CBS Acclaims Eric Holder's 'Remarkable', 'Very Personal' Speech to NAACP

Norah O'Donnell gushed over Eric Holder on Wednesday's CBS This Morning, trumpeting the supposedly "remarkable" and "very personal" speech that the attorney general gave to the NAACP on Tuesday. O'Donnell also played up how "Holder, the first African-American attorney general...talked very personally about, after Trayvon Martin's death, counseling his own 15-year-old son if he was stopped by police" [audio available here; video below the jump].

The morning newscast spotlighted how the controversial Obama administration figure "sharply criticized the so-called 'stand your ground' laws in Florida and other states", and played 36 seconds of clips from his speech to the organization:

ERIC HOLDER, U.S. ATTORNEY GENERAL (from speech at NAACP convention): But we must examine laws that take this further by eliminating the common sense and age-old requirement that people who feel threatened have a duty to retreat outside their home if they can do so safely. By allowing and, perhaps, encouraging violent situations to escalate in public, such laws undermine public safety. The list of resulting tragedies is long, and unfortunately, it has victimized too many who are innocent. We must stand our ground to ensure that our laws reduce violence, and take a hard look at laws that contribute to more violence than they prevent.

O'Donnell then added her slanted "remarkable" label and twice used the "very personal" phrase, as she responded to the address.

Co-anchor Charlie Rose used the very same word on May 31, 2013 to boost Oprah Winfrey's pro-gun control Harvard University commencement address. O'Donnell herself touted the liberal TV personality's "important message". Almost a month later, both CBS on-air personalities also heralded Wendy Davis' pro-abortion filibuster and wondered if the Texas state legislator would "run for governor or for national office now" because of her "new role in the national spotlight".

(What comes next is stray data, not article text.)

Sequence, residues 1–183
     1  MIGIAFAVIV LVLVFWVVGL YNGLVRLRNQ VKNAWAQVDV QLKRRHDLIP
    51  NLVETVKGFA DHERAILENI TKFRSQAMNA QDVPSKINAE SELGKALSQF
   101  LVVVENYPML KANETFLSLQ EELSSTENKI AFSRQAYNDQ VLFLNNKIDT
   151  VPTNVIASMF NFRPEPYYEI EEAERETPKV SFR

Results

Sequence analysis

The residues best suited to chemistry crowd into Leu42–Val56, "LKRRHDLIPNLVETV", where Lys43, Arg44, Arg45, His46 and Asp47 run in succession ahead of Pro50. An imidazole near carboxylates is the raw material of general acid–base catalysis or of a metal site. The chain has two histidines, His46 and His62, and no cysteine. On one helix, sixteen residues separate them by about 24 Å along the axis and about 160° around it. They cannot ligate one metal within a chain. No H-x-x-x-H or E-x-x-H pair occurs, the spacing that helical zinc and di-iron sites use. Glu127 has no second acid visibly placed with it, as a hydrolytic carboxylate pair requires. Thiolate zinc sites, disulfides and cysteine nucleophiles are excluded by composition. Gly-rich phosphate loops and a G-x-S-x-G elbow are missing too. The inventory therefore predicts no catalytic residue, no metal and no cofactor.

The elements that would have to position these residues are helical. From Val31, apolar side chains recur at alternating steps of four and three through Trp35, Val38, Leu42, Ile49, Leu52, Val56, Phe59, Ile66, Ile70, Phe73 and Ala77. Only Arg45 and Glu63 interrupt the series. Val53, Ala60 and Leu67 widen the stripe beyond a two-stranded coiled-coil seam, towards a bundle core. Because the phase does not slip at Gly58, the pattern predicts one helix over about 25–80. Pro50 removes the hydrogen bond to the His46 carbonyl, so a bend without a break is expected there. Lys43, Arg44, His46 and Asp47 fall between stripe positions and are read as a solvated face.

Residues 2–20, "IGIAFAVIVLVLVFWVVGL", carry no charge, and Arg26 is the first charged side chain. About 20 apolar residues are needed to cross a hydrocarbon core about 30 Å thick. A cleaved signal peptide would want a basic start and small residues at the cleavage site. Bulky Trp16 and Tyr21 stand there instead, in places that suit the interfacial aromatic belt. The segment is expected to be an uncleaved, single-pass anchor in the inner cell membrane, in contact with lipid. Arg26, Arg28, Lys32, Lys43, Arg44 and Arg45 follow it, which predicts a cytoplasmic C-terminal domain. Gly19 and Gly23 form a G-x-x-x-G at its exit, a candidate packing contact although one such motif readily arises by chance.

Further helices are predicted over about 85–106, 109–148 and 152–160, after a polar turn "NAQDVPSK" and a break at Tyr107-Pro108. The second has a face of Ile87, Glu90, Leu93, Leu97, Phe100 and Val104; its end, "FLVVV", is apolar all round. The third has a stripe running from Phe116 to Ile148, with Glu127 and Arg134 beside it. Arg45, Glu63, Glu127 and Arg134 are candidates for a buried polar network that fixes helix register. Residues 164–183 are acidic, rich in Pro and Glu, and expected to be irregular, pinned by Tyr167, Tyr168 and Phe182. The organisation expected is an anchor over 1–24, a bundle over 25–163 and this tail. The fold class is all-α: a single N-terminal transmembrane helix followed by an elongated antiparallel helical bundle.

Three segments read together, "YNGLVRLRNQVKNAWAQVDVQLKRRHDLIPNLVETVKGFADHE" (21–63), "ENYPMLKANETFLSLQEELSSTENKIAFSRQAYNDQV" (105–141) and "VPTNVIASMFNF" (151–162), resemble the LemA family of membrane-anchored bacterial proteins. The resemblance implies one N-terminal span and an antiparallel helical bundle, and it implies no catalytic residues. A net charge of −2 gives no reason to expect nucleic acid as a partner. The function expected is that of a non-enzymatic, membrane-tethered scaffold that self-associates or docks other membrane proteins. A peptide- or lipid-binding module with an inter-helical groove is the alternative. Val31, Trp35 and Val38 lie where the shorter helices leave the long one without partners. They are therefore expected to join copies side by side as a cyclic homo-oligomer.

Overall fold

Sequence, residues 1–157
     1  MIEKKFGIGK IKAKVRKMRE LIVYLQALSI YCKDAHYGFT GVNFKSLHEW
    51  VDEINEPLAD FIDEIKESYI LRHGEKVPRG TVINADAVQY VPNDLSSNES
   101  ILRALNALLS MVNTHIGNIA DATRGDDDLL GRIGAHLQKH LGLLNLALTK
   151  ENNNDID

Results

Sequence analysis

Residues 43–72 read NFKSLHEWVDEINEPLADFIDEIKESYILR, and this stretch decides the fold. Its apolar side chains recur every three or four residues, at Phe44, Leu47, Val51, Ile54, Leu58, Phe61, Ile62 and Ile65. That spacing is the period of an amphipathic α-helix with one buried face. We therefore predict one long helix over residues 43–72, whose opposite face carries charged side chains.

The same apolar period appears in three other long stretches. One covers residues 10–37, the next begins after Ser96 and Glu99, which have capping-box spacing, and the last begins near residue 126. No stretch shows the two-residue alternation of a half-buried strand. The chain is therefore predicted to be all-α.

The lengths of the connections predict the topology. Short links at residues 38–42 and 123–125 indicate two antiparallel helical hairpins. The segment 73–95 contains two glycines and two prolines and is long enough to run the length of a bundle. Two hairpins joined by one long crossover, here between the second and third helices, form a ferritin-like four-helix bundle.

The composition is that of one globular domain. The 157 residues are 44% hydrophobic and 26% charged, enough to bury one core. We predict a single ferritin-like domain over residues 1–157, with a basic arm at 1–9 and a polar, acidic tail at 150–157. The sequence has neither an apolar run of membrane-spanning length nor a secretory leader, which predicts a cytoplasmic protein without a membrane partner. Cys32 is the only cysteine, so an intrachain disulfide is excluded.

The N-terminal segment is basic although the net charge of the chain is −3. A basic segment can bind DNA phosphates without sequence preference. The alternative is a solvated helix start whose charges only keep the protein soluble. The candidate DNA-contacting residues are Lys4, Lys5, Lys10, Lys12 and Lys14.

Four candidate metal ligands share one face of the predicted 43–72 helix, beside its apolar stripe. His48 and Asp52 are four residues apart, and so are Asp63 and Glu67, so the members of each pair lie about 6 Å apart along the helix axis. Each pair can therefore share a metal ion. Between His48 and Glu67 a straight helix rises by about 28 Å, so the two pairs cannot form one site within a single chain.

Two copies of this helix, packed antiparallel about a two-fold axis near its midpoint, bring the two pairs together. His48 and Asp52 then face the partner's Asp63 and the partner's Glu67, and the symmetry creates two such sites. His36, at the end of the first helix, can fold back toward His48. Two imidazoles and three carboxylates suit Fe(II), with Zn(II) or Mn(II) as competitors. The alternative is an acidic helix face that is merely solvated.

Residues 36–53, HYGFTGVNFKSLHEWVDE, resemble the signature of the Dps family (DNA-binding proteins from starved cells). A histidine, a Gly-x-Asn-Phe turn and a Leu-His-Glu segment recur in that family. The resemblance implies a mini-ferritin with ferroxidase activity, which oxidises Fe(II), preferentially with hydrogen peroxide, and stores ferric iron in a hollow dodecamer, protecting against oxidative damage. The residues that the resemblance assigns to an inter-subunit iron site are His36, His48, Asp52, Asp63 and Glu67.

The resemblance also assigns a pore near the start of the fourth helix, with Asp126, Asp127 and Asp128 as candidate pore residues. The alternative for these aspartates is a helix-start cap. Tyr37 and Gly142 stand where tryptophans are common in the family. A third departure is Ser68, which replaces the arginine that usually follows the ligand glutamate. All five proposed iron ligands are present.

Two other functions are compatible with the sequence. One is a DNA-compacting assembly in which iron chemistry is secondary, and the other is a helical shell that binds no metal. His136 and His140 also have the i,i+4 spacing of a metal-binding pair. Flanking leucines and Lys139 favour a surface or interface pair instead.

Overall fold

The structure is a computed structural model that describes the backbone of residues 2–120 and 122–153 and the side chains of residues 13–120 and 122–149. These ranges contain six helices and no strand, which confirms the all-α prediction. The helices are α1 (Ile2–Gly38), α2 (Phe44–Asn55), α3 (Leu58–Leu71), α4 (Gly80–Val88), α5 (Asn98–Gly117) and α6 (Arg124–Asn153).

The transcript of the news brief from Wednesday's CBS This Morning:

NORAH O'DONNELL: And in a speech to the NAACP convention in Orlando yesterday, Attorney General Eric Holder sharply criticized the so-called 'stand your ground' laws in Florida and other states. Holder said the laws, in his words, 'senselessly expand the concept of self-defense'.

[CBS News Graphic: "Questioning The Law: Holder Wants 'Stand Your Ground' Examined"]

ERIC HOLDER, U.S. ATTORNEY GENERAL (from speech at NAACP convention): But we must examine laws that take this further by eliminating the common sense and age-old requirement that people who feel threatened have a duty to retreat outside their home if they can do so safely. By allowing and, perhaps, encouraging violent situations to escalate in public, such laws undermine public safety. The list of resulting tragedies is long, and unfortunately, it has victimized too many who are innocent. We must stand our ground to ensure that our laws reduce violence, and take a hard look at laws that contribute to more violence than they prevent.

O'DONNELL: You know, Charlie, this was a remarkable speech. Eric Holder, the first African-American attorney general – he talked very personally about, after Trayvon Martin's death, counseling his own 15-year-old son if he was stopped by police. And then, we heard, for the first time, Eric Holder talk about – even when he was a young prosecutor – running to catch a movie in Georgetown [and] being stopped by police. This was a very personal speech.


CHARLIE ROSE: I've heard that from other African-American fathers – talking to their sons over the last few days.

O'DONNELL: Absolutely.

Matthew Balan
Matthew Balan
Matthew Balan is a news analyst at Media Research Center